I then went over to the fresh chicken section and found boneless/skinless chicken breasts at $1.99/lb. The nutritional info shows that the fresh chicken is 20% protein by weight, so this protein costs only $9.95/lb.

    Conclusion - fresh chicken protein cost 1/4 what chicken dog protein costs. It is also a higher quality protein source unadulterated by the myriad of preservatives, colors, sugar, salt, etc., added to dogs. The fresh chicken can be made into jerky using the same drying process used to dehydrate the dog slices, and a wide variety of marinades can be used for flavoring the chicken jerky. Teriyaki, smoke, spicy, sweet, BBQ.

    Another option - pemmican. Made using ground beef or ground turkey. 80/20 ground beef at $2.18/lb works out to protein at about 1/3 the cost of chicken hot dog protein. Pemmican is handy since it allows using fattier meat than jerky and the final product includes the fat for a higher calorie/energy product. While cooking the ground meat, break it up into small bits and pour off the grease for rendering. Dehydrate the nearly fat free meat bits and grind to powder. Render the grease/fat and recombine with the powdered meat. Add other dry ingredients like dried fruit or berries.

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    1. I can't disagree with your math. However, that said, even if a lower protein, it is still meat, and is only a buck for 800 calories. Anything else is a better product but at a higher cost. In the end, it is about calories on the cheap, doing the best you can with quality. So, a mid grade, above PB but below real meat. Your way is much better, both jerky and pemmican, if you can afford it. My way is better if you can't. Long term dried food? Your way. Short term, mine. Last thing you want with stress and deprevation is six months eating nitrates and filler. I did that once and you can notice a decrease in health.

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    2. I hear what you're saying, but my concern is that so much of the caloric content is fat. That's normally good, but what happens to the fat when the dog slices are dried? Does it drip away, or does it stay to go rancid? Guess I need to try it myself. Tho not a fan, this is why I suggested pemmican. The fat is rendered so that it doesn't go rancid as quickly. But easy? Dried dog slices wins hands down!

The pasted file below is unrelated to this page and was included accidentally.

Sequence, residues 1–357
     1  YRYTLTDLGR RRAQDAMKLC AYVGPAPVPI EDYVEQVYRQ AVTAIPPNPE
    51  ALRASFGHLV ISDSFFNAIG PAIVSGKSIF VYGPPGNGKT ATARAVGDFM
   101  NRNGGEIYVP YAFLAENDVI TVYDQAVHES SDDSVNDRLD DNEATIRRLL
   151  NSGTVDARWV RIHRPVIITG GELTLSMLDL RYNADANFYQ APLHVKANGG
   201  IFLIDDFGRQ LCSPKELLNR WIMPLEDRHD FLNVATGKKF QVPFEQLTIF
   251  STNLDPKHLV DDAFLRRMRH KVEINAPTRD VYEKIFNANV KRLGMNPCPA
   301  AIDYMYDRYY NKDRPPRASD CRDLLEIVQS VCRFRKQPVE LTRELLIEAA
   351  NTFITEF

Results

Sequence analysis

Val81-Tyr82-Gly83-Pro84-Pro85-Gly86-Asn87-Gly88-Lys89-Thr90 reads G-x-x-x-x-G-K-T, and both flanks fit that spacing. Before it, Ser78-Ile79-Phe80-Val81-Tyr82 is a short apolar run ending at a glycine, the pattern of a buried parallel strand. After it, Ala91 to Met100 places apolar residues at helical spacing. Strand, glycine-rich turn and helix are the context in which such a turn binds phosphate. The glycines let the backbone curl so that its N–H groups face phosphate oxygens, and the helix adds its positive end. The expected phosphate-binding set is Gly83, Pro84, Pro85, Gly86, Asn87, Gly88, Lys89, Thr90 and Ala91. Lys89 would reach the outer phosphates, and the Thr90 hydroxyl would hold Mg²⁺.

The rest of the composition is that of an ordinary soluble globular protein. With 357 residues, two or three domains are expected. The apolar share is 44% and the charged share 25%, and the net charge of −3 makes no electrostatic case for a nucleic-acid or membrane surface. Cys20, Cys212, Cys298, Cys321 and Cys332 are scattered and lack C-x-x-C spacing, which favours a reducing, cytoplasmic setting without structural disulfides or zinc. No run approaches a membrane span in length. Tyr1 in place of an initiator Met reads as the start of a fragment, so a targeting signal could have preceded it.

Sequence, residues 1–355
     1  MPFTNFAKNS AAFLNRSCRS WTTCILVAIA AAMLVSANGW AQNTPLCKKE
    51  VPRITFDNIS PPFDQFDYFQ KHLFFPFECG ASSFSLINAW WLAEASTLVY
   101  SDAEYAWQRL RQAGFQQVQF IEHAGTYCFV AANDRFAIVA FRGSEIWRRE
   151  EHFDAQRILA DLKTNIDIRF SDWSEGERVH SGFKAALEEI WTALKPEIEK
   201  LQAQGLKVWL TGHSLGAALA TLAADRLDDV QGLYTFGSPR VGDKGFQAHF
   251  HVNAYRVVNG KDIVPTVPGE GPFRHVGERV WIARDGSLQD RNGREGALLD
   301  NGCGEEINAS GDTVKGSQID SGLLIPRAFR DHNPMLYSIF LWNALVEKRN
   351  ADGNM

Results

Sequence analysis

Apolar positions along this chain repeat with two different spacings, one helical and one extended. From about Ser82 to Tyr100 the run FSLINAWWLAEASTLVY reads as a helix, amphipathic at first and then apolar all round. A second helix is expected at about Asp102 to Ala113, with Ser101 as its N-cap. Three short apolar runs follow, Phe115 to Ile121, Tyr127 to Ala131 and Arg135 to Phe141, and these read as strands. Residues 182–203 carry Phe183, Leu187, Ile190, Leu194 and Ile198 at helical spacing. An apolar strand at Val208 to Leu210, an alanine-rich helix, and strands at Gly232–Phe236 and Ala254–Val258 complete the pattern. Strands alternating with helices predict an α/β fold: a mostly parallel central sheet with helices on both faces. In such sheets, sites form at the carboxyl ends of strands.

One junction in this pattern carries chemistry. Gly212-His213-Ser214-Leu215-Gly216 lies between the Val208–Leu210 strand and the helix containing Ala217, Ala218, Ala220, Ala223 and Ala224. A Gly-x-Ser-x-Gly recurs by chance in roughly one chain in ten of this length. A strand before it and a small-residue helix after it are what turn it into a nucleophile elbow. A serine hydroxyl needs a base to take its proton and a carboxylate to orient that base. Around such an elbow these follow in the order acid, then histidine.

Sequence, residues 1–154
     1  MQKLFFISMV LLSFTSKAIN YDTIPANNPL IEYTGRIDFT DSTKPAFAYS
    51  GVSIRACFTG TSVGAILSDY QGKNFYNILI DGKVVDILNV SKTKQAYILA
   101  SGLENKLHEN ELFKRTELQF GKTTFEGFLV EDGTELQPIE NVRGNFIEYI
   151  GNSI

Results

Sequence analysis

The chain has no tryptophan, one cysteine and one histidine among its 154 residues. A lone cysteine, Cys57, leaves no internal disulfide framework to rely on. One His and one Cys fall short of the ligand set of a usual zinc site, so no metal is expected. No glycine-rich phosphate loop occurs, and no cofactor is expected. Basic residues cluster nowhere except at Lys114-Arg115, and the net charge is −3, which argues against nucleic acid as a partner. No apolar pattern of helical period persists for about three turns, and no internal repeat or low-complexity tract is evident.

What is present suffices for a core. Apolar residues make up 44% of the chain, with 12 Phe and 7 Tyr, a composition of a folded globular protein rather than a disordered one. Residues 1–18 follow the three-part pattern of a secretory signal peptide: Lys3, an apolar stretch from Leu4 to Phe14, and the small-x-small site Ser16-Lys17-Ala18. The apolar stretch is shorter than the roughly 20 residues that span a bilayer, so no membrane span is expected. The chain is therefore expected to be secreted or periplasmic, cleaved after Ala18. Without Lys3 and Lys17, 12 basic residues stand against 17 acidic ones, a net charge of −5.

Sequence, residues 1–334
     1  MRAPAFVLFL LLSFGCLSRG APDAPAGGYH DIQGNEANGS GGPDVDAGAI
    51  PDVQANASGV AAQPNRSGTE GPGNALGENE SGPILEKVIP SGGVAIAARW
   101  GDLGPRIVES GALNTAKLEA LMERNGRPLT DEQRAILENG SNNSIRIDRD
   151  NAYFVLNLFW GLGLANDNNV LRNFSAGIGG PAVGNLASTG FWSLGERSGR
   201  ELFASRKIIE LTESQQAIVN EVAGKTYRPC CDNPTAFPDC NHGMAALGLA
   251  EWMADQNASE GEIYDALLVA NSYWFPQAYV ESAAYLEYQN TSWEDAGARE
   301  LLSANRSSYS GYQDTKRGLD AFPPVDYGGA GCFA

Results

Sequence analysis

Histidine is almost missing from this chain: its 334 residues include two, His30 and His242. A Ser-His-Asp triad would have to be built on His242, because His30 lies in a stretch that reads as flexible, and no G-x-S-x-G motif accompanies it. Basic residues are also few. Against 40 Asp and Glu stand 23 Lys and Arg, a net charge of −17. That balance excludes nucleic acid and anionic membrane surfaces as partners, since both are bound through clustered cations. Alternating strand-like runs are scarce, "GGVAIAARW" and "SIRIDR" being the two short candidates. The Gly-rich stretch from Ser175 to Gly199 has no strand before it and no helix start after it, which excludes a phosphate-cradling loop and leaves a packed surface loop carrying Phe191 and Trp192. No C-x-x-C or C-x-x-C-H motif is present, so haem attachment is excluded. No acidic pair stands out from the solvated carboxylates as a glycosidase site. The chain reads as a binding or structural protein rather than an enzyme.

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    3. I was just reading on an old timey method of meat preservation ( I think the link was on Rawles ) which slow cooked the meat in fat. Slow cooked, not fried. I wonder if the 24 hours on drying heat does the same with hot dogs. I can't say for sure. Mine are a bit over a year old now ( I had to look-can't believe it has been so long so fast ) and I'll test them out after this comment is posted. I'll report in tomorrows post.

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  6. I have found ham makes nice jerky. Get it during Christmas or Easter on sale under a buck a pound fully cooked and cured. Put it in the dehydrator and it is tasty cheaper than hotdogs. Pork loin is good too cut it thin brine it smoke it if you can or use liquid smoke and dehydrate. My Kroger often has it for under Two bucks a pound.Lake Erie Pirate

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    1. I never thought of a ham. Good idea.

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    2. I dried spiral sliced ham after holiday sale 99 cents a pound in a nesco dehydrator. I vacuum sealed it in canning jars. Opened a jar today from 1/2011 perfect still. Great hair!LEP

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    3. I finally got a case of small jars to try to can butter. I really want to try that out. The kerosene survival dude shows the way, just stove top, oven and fridge needed.

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  7. And how many of those homemade MRE are you storing ?

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    1. I'd say around two-three weeks worth of meat and about the same with peanut butter. That's just those two items with Top Ramen. I could scare up more with other items. Spam and white flour would last a few more months, for example. But then we get into excessive weight and cooking.

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  8. Ramen for us is a very reasonable proposition for us. In cold, hot soup warms the soul and body (tip: inhale over top of warmed food to for extra warmth). When its hot, the salty powder is welcome for the body which has sweat out the nutrients.

    Besides that - extremely lightweight, long shelf life, very inexpensive. Add meat and/or veggies for extra nutrition (baby carrots works really well here) to it for extra bulk and keeps the 'train rolling', if you know what I mean.

    Thanks for the post.

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    1. I can easily leave all my Ramen for the collapse. No craving to eat it now. Cup O Noodle, now, that I enjoy.

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  9. Bears, Coatimundi, Raccoons, etc love the smell of dehydrated hot dogs. Bears will follow that smell for miles.

    Family Dollar stores have canned bologna, chicken, for a dollar a can. I stock up on it and share it with the homeless folk. I have not tried to dehydrate it though.

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    1. Just when you think humans are stupid, wildlife craving hot dogs makes us seem smart again.